Best. Speech. Ever.

Fringe runs from September 27 - October 15. Check out the website for details.

Thursday I DJ'd at Q + A as is my wont, and crawled into bed at about 4am, only to be woken by neighbours' renovations at 7.30am. There's nothing quite like the gentle sound of a buzzsaw in the early hours to help your hangover... *groan*

Friday night I popped over to the Colonial Hotel on Bruswick Street for half an hour, to say hi to my friend Cerise, whose birthday it was, and to see her band playing. I was ridiculously tired though, and found myself rapidly getting far too drunk, so I left quite early and collapsed into bed with a happy sigh.

Saturday was taken up by a four hour masterclass in dramaturgy, as part of the Fringe's new Outside Eye project, for which I'm going to be helping mentor a spoken word project.

Soon after getting home I happened to check out mskp's blog, and discovered that she and tobytoby were going to be having drinks nearby in Fitzroy, so after a quick call to ascertain her location, off I went. Blog-friends in real life are excellent people, I've discovered, to my joy.

I'll be hanging out with some of Melbourne gay bloggers next Saturday, and also very much looking forward to it! Am also looking forward to seeing tobytoby in a boxing ring soon, trading manly punches with someone; especially seeing as I've never actually been to a boxing match before...

Saturday night I dappered up again and took Cerise as my plus one to see the Melbourne premiere of Hedwig and the Angry Inch at the Athenaeum, starring iOTA as Hedwig. OHMYGOD. What a peformance. Such amazing stage presence, charisma and vocal range. AND WHAT A SHOW! Funny, tragic, touching, beautiful, savage. I can't believe it's taken Hedwig so long to come to Melbourne. YOU MUST SEE IT DO YOU HEAR ME? NO EXCEPTIONS, NO EXCUSES. GO - GO NOW!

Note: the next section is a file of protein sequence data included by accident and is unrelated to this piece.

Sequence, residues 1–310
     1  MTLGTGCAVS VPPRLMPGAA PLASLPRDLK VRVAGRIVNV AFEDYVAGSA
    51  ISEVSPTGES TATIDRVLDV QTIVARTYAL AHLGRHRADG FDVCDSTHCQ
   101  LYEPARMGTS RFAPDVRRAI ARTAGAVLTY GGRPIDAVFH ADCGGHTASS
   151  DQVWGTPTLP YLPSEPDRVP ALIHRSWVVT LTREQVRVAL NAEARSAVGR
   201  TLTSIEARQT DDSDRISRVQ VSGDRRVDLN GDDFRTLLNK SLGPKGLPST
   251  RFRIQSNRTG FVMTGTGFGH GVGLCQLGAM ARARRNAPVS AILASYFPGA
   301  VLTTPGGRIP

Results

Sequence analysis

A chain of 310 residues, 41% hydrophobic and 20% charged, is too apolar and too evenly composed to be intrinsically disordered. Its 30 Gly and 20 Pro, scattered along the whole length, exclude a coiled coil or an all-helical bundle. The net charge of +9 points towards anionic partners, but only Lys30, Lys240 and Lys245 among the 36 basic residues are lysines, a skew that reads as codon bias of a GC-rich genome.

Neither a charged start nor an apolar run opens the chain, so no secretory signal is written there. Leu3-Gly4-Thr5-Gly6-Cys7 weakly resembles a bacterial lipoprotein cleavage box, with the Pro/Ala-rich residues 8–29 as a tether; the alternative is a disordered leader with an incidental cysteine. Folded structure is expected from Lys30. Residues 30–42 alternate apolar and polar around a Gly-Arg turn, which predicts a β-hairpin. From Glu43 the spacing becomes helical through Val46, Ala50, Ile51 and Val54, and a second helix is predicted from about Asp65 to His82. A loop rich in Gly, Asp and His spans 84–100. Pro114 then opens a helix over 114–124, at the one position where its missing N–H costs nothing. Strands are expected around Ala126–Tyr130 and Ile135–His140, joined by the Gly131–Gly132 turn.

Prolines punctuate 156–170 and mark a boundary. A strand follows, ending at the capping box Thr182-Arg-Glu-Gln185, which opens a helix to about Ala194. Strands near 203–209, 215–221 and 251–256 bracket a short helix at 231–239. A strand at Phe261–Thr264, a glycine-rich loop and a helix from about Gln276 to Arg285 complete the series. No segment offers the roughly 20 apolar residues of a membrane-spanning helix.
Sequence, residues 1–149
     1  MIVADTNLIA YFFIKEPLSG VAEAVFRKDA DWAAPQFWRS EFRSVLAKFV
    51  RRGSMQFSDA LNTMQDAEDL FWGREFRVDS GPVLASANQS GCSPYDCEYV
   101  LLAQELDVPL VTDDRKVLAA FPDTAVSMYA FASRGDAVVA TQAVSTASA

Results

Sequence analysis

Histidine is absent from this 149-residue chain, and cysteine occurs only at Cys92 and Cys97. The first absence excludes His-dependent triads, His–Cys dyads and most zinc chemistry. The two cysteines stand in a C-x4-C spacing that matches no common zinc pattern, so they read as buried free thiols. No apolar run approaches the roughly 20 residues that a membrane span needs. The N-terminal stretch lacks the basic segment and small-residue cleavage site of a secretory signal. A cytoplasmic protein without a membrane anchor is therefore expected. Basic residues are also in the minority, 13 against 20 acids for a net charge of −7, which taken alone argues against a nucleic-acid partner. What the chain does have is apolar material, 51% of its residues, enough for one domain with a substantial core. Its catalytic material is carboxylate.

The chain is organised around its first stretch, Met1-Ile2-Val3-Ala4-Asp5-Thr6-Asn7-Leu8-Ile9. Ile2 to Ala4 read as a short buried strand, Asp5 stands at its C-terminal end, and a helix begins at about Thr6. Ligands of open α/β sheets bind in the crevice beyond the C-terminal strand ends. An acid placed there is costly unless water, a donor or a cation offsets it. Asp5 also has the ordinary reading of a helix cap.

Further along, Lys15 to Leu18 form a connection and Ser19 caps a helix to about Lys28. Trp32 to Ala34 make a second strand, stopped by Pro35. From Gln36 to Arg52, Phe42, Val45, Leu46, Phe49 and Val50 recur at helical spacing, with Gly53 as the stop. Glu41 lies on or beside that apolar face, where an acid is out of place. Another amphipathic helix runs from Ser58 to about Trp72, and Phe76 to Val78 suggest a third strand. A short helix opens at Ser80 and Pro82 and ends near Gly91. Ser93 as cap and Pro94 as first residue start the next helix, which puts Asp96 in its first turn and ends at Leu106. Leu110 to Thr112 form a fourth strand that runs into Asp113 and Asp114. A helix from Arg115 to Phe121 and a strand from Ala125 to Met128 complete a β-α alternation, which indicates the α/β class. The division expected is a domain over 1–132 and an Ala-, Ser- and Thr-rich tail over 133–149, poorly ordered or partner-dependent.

Clem liked it too, although she hasn't blogged about it yet.

Even before the show had started Cerise and I were enjoying a glass of bubbly or two, and we continued to partake in the libations afterwards as well.

Thence I went on to a splendid South Yarra party in an art deco apartment, then Control HQ, and eventually (although I don't remember exactly what time I got there) the Peel. When it closed at 7am I staggered home with a young delightful young man in tow, whose name I only vaguely remember - Rob? Bob? - something like that... His chest was much more memorable, and made rather a lovely pillow, until he remembered at 2pm that he was supposed to be at a BBQ and crawled out from my bed to make good his exit. Gave him my number; bet I never from him again; he apparently had a girlfriend. How do I manage to find them?

Went back to bed. Woke up at 6pm (!!!) feeling rather wretched: the price one pays for a spectacularly splendid evening. Watched a DVD, a gory horror-comedy called Slither (about all I was capable of) forced down a meal, and crawled back into bed about 11pm.

And I can't wait to do it all again!

Tuesday, September 05, 2006

Geoffrey Wright's MACBETH

Oh. Dear. Me.

How do you spell 'inept film-making'?


Geoffrey Romper Stomper Wright's new feature is a badly-directed, badly acted film that simultaneously manages to blacken the names of several good actors (take a bow, Sam Worthington, pictured left) and that of the Australian film industry. No mean feat, although while watching it, and afterwards, at the Docklands after-party to which we were bussed from South Yarra's Jam Factory red carpet premiere, Mike and I had to keep reminding ourselves that at least it wasn't as bad as The Book of Revelation.